Employees of Norges Bank may face conflicts of interest in their day-to-day work. The Executive Board has therefore established a robust system for dealing with such situations. We have a strict ethical and supervisory framework, where compliance functions and internal audit play key roles. The Supervisory Council is an important, ultimate component of this framework. Equally as important as rules and controls is fostering a healthy business culture and appropriate attitudes among the employees.

In Nicolai Tangen’s case, the Supervisory Council has stressed the need to eliminate the risk of conflicts of interest. I fully appreciate the Supervisory Council’s desire to remove risk. At the same time, I would emphasise that any responsible board of directors must make discretionary trade-offs between different types of risk and business objectives. With the contractual framework now in place, the Executive Board finds that potential conflicts of interest have been duly addressed. The risk of a conflict of interest between Tangen’s ownership interests and his management tasks as CEO of NBIM has for all practical purposes been eliminated.

The Supervisory Council has been concerned with tax haven issues. The Executive Board has done its utmost to provide the Supervisory Council with answers to the questions it has raised. Let me be entirely clear:

Norges Bank fully and unreservedly supports the Norwegian authorities’ work to ensure the highest possible tax transparency standards, also for non-cooperative jurisdictions. How well the GPFG fares depends – slightly simplified – on how well the world fares. Financial secrecy undermines a healthy global economy. Norges Bank therefore clearly recognises the importance of transparency and sound reporting standards with a view to building confidence and supporting appropriate taxation across jurisdictions. This has been repeatedly expressed, including in the letter to the Ministry of Finance on “Expectations document on tax transparency” of 24 January 2018.

Investors should be clear in their expectations and play a role in promoting solid international standards and transparency for multinational companies. This can contribute to well-functioning markets. The Executive Board has addressed NBIM’s expectations document on tax transparency, and the Board will continue to devote considerable attention to this area. Nicolai Tangen will naturally contribute to enhancing this work further, in line with our expectations document and the decisions made by the Storting (Norwegian parliament) in this area.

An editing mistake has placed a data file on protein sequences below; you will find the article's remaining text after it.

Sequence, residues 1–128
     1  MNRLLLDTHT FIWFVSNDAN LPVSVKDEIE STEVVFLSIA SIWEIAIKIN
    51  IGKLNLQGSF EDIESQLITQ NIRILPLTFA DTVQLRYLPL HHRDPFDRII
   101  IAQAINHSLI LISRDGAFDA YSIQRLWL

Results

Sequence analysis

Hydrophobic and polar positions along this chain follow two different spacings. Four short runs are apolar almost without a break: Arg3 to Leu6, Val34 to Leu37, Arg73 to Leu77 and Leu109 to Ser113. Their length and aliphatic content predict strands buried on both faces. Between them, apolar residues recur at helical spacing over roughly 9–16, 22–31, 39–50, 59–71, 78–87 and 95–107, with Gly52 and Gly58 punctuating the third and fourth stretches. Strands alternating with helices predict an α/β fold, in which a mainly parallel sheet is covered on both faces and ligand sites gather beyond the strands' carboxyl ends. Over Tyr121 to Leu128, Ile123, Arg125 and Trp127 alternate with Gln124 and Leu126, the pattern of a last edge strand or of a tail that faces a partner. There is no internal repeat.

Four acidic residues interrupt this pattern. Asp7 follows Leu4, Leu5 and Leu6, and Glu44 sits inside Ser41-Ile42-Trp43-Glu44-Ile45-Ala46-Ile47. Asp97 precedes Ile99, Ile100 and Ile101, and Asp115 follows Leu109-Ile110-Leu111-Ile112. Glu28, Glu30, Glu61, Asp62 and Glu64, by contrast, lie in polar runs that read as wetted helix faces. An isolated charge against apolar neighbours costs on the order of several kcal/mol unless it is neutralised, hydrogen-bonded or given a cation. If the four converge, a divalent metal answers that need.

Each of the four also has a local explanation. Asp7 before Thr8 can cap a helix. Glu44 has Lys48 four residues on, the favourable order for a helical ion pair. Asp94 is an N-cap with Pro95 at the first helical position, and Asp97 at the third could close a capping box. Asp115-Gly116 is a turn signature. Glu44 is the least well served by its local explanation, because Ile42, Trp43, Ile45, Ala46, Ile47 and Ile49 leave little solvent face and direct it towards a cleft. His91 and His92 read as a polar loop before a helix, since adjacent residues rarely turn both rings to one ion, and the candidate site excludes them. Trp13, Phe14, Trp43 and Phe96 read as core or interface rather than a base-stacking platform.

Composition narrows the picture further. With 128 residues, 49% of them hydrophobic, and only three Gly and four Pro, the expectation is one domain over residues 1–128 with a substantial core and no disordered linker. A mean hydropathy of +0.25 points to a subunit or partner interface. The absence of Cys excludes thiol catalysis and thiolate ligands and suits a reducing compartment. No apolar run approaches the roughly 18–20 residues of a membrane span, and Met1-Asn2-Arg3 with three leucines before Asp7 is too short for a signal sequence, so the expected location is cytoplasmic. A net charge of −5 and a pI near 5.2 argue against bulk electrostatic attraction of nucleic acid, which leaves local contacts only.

In its examination of Nicolai Tangen’s business arrangements, Norges Bank did not find any circumstances at variance with the principles in NBIM’s expectations document. An important principle in that document is that income should be taxed where it is earned. The investment management company that generates Tangen’s income – AKO Capital LLP – is registered and regulated in the UK – not in Ireland or the Cayman Islands as the Supervisory Council has written. Tangen has always paid tax on that income to the UK.

The position of CEO of NBIM is an important one, and I understand that Nicolai Tangen’s background and ownership interests have attracted public attention. We acknowledge that the process surrounding Tangen’s appointment has raised questions that needed to be clarified – and there have been some learning points along the way.

In a thorough process to recruit a new CEO of NBIM, Nicolai Tangen emerged as the decidedly strongest candidate. With his background and competence, we rest assured that he will make an important contribution to securing the GPFG’s objective of delivering the highest possible return in the long term, within limits specified by the Ministry of Finance and endorsed by the Storting. Nothing has come to light in recent months that has changed our assessment. Norges Bank’s Executive Board and I have full confidence that Nicolai Tangen will carry out his tasks in a way that will provide the organisation with invaluable expertise and strengthen the management of our national wealth.

Thank you for your attention.

Published 10 August 2020 13:20